I keep pinching myself. Did I really get this lucky? After years of being miserable in the workplace, what did I do to deserve this wonderful job? Will this last? I truly want to retire with this company. I have never felt that way about any company I've worked for. Besides, this is the only place I've ever worked that offers a pension plan. Man, nobody does that anymore! For years, I've been worried about my retirement. Finally, I'm not worried any longer.
The downside? It is this: the stupid hand soap dispensers in the bathroom operate on an electronic eye that doesn't seem to detect my hand waving furiously in front of it, begging for a squirt of cleansing foam.
But the fact that I, for once, don't have to glue a nametag to my chair so that it doesn't get "borrowed" from my cubicle, never to reappear, makes up for my one single complaint that the soap dispensers are ignoring me. Besides that, the restrooms and facility are the cleanest I've ever worked in.
Honestly, I have no complaints.
Man am I lucky! Thank you, God!
Saturday, September 25, 2010
My nephew Jason came to visit us in Atlanta this week while on a 30-day leave following his 7-month tour in Afghanistan. He took some excellent photos over there, and shot some video that I've watched several times. It gives me chills every time I see it.
In the shots where you see three machine gunners returning fire, Jason is the Marine in the middle of the three. You can identify him by the white rectangular object strapped to the left side of his helmet. (Jason, that had better be a bar of soap and not a pack of cigarettes!)
Click here to watch the video posted on YouTube.
Also, you can vote on a small subset of Jason's photos that were entered into an international photography competition at this link. Just click on the stars in the upper-right hand corner of the page to cast your vote.
Sunday, September 19, 2010
I took a road trip to Charlotte this weekend to see Chris, one of my two oldest friends. Here we are yesterday:
And here we are 30 years ago:
It is pretty hard to believe that it's been over three decades since the two of us, along with our friend Missy, were a trio of inseparable high school girls.
What is even harder to believe is that Chris's eldest son is 24, and she and her husband are celebrating twenty five years of marriage this year. Of all the couples I know, Chris and John are one of the happiest. You should see them together—they are best friends. They laugh a lot, which I think is the glue that holds a marriage together.
I fell in love with their cocker spaniel, Molly. This was my first time meeting her. She served as the welcoming committee. She was so excited to meet me that her little squiggly butt nearly peed on me. She's little Miss Social, kind of like my Baby.
It's funny, John thought that since I'm a "cat person," I wouldn't care too much for a dog. Are you kidding me?! I love puppy dogs. I'm just too busy moving to actually have one. Cats are much easier to keep at home when you live in an apartment, and I'm not too thrilled about the thought of walking a dog (rain or shine) every morning at oh-dark-thirty no matter what kind of mood I'm in. Besides, a dog needs a yard. High-rise apartment buildings just don't seem suitable for puppy dogs.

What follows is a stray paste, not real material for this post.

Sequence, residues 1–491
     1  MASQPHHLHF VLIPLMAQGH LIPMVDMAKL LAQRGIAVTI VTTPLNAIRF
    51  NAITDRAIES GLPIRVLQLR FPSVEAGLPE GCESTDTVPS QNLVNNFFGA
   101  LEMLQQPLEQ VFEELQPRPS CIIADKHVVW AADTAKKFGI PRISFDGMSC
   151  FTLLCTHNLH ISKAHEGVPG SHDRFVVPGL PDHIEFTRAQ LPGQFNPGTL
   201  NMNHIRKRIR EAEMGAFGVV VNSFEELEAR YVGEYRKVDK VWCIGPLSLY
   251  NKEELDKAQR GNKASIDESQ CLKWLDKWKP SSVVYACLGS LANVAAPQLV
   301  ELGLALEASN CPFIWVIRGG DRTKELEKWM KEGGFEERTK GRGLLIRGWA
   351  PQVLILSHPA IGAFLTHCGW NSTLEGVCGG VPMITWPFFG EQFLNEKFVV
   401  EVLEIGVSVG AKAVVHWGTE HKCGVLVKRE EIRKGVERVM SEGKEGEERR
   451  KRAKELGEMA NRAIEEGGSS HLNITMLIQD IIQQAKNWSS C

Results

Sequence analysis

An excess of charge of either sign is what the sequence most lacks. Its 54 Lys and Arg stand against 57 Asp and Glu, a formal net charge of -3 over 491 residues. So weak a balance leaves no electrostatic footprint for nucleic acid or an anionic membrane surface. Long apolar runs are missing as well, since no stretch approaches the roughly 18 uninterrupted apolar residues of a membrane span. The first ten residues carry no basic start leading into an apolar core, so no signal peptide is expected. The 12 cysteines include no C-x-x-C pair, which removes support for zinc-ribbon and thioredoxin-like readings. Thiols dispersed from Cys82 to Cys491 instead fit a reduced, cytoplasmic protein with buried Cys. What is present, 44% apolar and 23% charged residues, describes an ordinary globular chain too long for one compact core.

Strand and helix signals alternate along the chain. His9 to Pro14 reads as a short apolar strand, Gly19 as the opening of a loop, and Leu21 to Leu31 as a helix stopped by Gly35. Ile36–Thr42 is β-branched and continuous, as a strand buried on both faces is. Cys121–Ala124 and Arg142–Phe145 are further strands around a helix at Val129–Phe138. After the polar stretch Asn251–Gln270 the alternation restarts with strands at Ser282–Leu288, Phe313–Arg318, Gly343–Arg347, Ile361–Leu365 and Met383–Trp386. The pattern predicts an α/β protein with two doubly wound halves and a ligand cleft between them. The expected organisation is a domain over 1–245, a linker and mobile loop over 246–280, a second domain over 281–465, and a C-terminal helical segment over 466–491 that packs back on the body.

Anyway, I had a great time with Chris and her family. The drive was only four hours. It was 90 degrees and cloudless today, so I had the top down for the entire trip home (with literally four layers of sun screen on my face - SPF 15, 70, 25, and 30). I was slathering the 45 on my arms on the interstate.
It was weird driving down Independence Boulevard in Charlotte on my way to Chris's house. I lived in that city for nearly 10 years, back in the 80's. First I passed the old Charlotte Coliseum, now called "Bojangles Coliseum," which sounds so cheesy. I was delivering a pizza nearby there in 1985 or 86 when I was robbed.
Then I passed Briarcreek Road, where I had an apartment when Hurricane Hugo hit us (200 miles inland) on September 22, 1989, making most streets impassable and knocking out my power for five days. I'd been out drinking with friends the night before; I came home, put in my ear plugs, and slept through the massive Category 3 storm.
Then I passed the infamous Sharon Amity Road, where I was hit by a truck in my VW Rabbit while delivering a pizza late at night. That was September 22, 1985. I don't recall that event or most of the decade surrounding it.
I drove by a car dealership where I'd purchased one of the 17 different cars I've owned in my life (most of those in Charlotte).
I also passed by the newer office complex where Microsoft Product Support Services is now located, not far from the old location on Tyvola Road where I serendipitously started my computer career in 1991.
It was surreal to be back in Charlotte all these years later. And then to hear the stories from Chris about those days—because she remembers stuff that I'll never be able to recall—like my hiring her husband to be a driver at a Picaso's Pizza store I ran back in the day.... And all the other great stories about how she met John while she was still in college and engaged to another guy. Apparently I played a role in the plot to tell her parents of her dilemma at the time. I honestly don't recall any of that because it all happened in the month of my accident.
We laughed so much this weekend that my stomach hurt. I love Chris. There is just nothing in this world like an old, best friend. And even though we've seen each other only every few years since the old days, every time we get together it is as though no time has passed at all.